Monday, June 30, 2014

Tractor Talk, a recurring column by ScottAllen Barber within the Wagner Tales Quarterly Newsletter

I thought it might be appropriate to profile the two Case tractors that reside at Historic Wagner Farm. First, the 1942 SC that is still in use was actually from the Wagner’s ownership of the property. Second, because it’s 1944 cousin joins our static display near the Fordson this year, and third, because it was probably manufactured just “up the road” (in Racine, WI)!

As a young child, Jerome Increase Case read about Cyrus McCormick’s grain binder: a machine that could cut wheat without people needing to use their hands. He developed an interest in agriculture and was clearly a pioneer in mechanizing the industry, founding the J.I. Case Threshing Machine Company in 1844. Case introduced traction engines powered by steam and by 1895, gasoline engines. Though Mr. Case died in 1891, the company he founded remains as a force to this day worldwide.

Wagner Farm’s operating Case SC is well-suited to row crop production and while this tractor was available from the factory in a 6 volt model, Farm Manager Jeff Wienski whose involvement with this  property dates back 40 years is quite certain this tractor originally had a hand crank for starting. He should know, as he was part of Steve Swanson’s restoration team at The Grove when this unit underwent a major rehabilitation in the early 2000s.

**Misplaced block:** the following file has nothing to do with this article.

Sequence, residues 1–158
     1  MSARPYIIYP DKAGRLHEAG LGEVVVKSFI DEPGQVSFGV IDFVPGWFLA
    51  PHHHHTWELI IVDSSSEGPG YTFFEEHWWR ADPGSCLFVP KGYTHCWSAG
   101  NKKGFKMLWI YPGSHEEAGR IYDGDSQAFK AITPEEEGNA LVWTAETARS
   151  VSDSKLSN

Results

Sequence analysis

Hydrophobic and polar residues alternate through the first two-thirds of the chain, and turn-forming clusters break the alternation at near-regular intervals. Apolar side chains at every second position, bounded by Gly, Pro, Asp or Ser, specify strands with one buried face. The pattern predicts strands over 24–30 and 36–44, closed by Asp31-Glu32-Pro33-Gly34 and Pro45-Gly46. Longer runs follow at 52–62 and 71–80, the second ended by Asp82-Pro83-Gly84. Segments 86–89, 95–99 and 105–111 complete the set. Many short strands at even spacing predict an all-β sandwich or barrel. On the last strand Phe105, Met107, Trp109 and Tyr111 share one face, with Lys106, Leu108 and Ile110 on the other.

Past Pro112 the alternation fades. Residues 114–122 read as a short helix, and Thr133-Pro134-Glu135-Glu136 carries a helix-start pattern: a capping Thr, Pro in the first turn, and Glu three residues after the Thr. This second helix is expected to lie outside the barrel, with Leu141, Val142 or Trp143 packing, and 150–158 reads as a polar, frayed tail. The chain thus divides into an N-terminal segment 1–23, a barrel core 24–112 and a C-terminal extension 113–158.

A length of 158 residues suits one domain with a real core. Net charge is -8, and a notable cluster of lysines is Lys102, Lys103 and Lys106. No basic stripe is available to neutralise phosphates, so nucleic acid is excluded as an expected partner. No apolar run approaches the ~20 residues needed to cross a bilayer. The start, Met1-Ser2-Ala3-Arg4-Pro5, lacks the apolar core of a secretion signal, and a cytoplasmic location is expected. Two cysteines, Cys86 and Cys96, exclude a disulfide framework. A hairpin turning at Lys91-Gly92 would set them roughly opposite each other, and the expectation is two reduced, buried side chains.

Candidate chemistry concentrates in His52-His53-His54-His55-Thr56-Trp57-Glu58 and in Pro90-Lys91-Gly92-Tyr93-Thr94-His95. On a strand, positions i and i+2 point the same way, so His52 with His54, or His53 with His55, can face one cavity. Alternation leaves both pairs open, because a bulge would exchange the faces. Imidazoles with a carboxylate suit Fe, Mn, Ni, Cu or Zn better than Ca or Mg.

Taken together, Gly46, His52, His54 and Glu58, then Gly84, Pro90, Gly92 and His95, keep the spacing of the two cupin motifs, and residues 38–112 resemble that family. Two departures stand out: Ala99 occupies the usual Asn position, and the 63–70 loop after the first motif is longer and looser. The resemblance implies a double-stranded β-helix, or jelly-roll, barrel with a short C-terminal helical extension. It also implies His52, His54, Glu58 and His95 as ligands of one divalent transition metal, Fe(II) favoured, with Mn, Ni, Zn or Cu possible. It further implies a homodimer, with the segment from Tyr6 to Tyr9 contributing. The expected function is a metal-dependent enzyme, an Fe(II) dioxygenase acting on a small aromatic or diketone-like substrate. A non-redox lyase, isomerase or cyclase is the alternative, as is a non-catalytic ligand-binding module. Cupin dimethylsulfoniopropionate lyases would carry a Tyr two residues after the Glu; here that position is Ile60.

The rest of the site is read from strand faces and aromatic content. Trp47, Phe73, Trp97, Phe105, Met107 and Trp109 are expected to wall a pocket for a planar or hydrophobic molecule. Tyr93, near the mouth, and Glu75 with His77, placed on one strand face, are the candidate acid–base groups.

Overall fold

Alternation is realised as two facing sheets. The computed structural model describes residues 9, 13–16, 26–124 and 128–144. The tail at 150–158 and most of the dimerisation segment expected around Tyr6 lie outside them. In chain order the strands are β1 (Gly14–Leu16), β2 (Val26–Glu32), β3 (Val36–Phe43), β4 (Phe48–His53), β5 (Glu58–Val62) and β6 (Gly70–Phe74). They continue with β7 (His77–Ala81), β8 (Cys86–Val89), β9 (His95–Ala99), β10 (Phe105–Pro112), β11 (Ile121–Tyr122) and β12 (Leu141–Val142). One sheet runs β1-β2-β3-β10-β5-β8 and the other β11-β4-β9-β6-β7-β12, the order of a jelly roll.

Jeff remembers this tractor being electrified to a 12 volt system for Pete Wagner by Carson’s Garage of Glenview to allow for ease of starting. I would have thought part of adding “electric” was for running lights, if not being able to do field work in the relative cooler temperatures night work offered (as my uncle preferred in Ogle County), though Jeff is positive this tractor never had lights; it was strictly for the ease of starting the conversion to electric was done.

The SC weighs around 4,200 lbs, sports a 2.7 liter, 4 cylinder gasoline engine that claimed 19 horsepower at the drawbar, 22 for the power takeoff, and 31.71 for the belt drive.  New from the factory, the SC cost around $1,700 in 1955. Odds are good you will see our SC belted to a silo loader or other antique implements during special events at the farm, if not harvesting corn or on some other task.

Jeff had been hoping to find authentic Case fenders for the 1942, as the Wagner tractor’s fenders had rusted out. On learning of a 1944 SC  was part of the William M. Alcock Estate Auction in Lindenwood, IL last year, Jeff made the trip and was able to obtain this tractor “as is” for $600.

The hope had been for a second tractor to join the Fordson on display out front, so younger visitors to the farm this summer should take delight in having this out on permanent display, as our restoration crew has done a superb job in cleaning up and painting what had clearly been a neglected piece of equipment that should provide a wonderful backdrop for photo opportunities!

Click here to see the spring issue of Wagner Tales.